Global Tech Lead
At a time of great uncertainty for many sectors and, indeed, for the world itself, Web Summit 2021 brought together the founders and CEOs of technology companies, startups, policymakers, and heads of state to ask a simple question: what's next? All this in Portugal's entrepreneurial ecosystem, which ranks among the best in Europe.
Check out the insights from Marcelo Pinheiro - Levva Global Tech Lead, resident in Portugal
Large software development companies in the market are starting to look at the advances in productivity when it comes to repetitive code creation using Low code tools. And repetitive code is much more present in everyday life than we would like to admit. Just ask any front-end developer how many times they had to develop a table pagination, or even, how many CRUDS a backend developer had to code.
The fact is that most of the tasks performed today in programming are repetitive, and there is much to be gained from complete solutions where this repetitive part of development is abstracted to simpler processes. And I know you care, dear developer.
"These solutions will steal our jobs"
"These solutions will steal our jobs"
But rest assured, since the right name to give to this type of solution would be "Not-so-much-code-but-youstil-need-a-little-bit-of-it" (I will patent this term). This is because the idea of the solutions is not to replace the software developer, but to make him/her more productive, using the maxim that real problems, which need deep technical analysis, knowledge in scalability and software architecture, can hardly be abstracted to a simple drag-and-drop tool.And that is the idea that wants to be sold by the main cases of Low-code/No-code. Siemens, for example, has its own platform, and its main effort at the Web Summit was, while showing the platform in the market, to convince the developer community that this is a welcome change in productivity and empowerment of this class of professionals. They even gave chocolates to the devs (very tasty, by the way!). Who doubts someone who gives chocolates? (I've never heard the fable of John and Mary in my life).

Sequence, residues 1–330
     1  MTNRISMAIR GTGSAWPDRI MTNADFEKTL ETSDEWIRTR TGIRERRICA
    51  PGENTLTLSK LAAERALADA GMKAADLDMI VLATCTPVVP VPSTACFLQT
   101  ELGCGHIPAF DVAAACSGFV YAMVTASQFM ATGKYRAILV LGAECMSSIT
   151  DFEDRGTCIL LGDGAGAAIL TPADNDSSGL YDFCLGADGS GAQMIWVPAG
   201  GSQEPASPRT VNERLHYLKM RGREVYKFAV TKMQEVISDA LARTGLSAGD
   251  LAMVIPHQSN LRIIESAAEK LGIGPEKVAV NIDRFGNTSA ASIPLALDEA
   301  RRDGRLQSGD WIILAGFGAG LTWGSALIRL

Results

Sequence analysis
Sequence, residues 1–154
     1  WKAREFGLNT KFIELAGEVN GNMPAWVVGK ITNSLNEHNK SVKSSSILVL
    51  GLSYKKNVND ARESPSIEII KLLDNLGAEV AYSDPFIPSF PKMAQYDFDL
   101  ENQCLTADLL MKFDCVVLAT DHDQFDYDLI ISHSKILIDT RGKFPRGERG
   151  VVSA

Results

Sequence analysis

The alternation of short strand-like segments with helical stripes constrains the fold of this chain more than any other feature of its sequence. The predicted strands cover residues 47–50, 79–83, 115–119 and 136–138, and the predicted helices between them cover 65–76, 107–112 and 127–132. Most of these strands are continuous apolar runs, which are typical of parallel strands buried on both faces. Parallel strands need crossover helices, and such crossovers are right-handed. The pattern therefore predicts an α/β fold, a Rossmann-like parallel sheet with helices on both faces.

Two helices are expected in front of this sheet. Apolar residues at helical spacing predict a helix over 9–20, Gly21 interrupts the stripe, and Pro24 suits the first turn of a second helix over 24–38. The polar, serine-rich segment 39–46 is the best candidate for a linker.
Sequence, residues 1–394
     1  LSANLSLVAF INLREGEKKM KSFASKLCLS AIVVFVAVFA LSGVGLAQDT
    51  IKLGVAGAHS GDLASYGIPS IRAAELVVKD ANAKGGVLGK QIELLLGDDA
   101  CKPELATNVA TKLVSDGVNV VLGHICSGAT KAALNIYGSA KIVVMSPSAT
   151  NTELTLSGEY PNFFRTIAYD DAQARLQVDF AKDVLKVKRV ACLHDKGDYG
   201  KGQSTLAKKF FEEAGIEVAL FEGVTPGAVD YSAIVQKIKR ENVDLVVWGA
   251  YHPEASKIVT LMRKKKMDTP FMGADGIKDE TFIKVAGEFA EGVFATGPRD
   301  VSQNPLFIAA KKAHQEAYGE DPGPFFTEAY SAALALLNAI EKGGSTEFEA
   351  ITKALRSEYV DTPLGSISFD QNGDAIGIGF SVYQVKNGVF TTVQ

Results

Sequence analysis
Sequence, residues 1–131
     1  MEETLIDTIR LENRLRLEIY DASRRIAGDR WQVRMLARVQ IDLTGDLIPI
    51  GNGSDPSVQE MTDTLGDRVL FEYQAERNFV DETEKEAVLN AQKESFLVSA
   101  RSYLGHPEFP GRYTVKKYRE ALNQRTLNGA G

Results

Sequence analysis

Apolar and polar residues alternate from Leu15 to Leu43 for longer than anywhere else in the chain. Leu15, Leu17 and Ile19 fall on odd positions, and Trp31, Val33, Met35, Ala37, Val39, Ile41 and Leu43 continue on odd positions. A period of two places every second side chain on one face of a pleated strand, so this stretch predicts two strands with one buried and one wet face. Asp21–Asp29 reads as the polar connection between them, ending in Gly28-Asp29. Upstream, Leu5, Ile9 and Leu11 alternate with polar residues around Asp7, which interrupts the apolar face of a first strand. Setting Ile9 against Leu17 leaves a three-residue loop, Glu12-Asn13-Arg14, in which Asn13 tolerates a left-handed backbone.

Low code/No code are tools, like any other, from the infinite range that we have to use every day. And the maxim: there is no silver bullet. It solves the problem of repetition, of simple codes, of standardization, but there is still an infinity of problems to be solved by developers. The good developer is not the guy who does everything from scratch, but the one who takes advantage of opportunities to be productive and deliver more value.
The subject that EVERYONE at the web summit talked about. Seriously, I think about 30% of the talks involved something about blockchain. But to understand why everyone is talking about it, we need to understand the concept and possibilities.
Blockchain can be considered a database, but unlike centralised databases, where only one entity (a company, a bank, the owner of that database) can enter information, blockchain is a distributed database, where thousands of people can write and validate the information entered.